Many readers might be familiar with a recent ranking that the University received via The Times, where we placed last out of 115 other institutions on the measure of social inclusion. Whilst this is an internal factor that many students may be aware of, it feels as though Durham aren’t doing enough about it. Chloe explains that “this reputation it has for not being socially inclusive, hasn’t affected them in the slightest. And if it hasn’t really affected them in the slightest, why would they care about changing?” As Sara would put it, “Durham has a certain aesthetic it has garnered over the years.” She explained that she believes that, “rather than try to seem integrated and diverse (like so many other universities), Durham values its inherent whiteness above all else.” So, with a socially exclusive culture that evidently does not prioritise Black students, what is Durham left with?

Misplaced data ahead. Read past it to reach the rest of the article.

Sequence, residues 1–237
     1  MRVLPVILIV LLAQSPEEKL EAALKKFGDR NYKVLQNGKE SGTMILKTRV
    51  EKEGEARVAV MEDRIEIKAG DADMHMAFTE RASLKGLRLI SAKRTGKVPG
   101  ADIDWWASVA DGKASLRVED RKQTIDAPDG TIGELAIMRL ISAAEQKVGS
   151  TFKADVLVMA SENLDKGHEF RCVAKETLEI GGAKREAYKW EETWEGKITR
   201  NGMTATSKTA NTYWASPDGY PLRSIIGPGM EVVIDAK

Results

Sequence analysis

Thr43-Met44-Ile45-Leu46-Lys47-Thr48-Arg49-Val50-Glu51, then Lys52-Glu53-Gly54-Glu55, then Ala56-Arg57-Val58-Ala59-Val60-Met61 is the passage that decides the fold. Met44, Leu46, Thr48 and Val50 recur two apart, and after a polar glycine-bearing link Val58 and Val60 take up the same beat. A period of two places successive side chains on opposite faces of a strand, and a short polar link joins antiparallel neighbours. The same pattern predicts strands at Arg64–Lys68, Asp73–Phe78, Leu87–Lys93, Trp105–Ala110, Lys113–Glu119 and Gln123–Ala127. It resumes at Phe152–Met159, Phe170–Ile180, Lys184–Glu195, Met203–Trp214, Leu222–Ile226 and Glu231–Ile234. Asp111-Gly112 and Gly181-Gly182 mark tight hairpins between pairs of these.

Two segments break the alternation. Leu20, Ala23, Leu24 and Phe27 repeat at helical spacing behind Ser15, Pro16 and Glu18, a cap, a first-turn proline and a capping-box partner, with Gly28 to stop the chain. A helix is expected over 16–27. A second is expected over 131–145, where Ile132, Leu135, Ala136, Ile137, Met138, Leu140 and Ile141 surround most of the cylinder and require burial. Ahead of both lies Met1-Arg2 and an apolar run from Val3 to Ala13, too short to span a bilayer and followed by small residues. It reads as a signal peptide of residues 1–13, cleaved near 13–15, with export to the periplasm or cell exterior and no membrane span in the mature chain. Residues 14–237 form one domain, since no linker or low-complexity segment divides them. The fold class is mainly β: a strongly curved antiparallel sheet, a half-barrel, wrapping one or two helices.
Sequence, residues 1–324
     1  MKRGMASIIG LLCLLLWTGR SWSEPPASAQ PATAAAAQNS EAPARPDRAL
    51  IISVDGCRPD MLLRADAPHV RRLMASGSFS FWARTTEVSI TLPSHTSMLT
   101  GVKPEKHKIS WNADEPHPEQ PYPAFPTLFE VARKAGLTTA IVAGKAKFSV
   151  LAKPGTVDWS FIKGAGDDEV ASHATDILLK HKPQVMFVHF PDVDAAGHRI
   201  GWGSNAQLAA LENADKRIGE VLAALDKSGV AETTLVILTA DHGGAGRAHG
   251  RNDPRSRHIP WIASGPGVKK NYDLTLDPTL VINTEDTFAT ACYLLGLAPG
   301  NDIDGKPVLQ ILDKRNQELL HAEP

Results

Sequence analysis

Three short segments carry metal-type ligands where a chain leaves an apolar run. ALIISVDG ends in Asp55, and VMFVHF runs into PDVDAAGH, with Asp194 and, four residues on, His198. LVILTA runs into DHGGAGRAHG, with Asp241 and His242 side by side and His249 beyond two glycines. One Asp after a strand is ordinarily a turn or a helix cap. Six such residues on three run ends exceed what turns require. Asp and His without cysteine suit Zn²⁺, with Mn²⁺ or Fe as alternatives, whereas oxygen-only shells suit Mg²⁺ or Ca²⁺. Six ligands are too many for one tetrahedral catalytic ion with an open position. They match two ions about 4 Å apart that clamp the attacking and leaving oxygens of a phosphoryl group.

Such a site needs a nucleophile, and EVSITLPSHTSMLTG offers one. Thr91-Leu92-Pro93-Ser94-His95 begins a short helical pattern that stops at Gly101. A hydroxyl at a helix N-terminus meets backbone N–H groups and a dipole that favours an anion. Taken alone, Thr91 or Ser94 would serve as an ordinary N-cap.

… Durham values its inherent whiteness above all else 

To address the ever-metaphorical elephant in the room, it wouldn’t be fair to discuss diversity at Durham University without talking about the diversity in County Durham, and the North East as a whole. The Office for National Statistics has revealed that County Durham is 0.3% Black as of 2021. Nonetheless, the University isn’t made up entirely of students from the North East; in fact “Durham’s recruitment has not traditionally focussed on the local area, with large numbers instead coming from outside the North East”. So why is this University continuing to fall below the national average for Black students who attend university?